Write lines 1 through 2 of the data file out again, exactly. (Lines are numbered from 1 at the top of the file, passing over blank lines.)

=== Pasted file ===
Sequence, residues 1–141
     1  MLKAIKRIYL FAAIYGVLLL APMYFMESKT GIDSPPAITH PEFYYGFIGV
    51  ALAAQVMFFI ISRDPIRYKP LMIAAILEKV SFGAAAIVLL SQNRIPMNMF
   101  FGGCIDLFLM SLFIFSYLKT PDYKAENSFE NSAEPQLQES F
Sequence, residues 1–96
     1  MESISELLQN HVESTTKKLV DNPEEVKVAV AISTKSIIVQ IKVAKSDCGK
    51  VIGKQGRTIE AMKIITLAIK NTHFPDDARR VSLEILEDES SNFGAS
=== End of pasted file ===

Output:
Sequence, residues 1–141
     1  MLKAIKRIYL FAAIYGVLLL APMYFMESKT GIDSPPAITH PEFYYGFIGV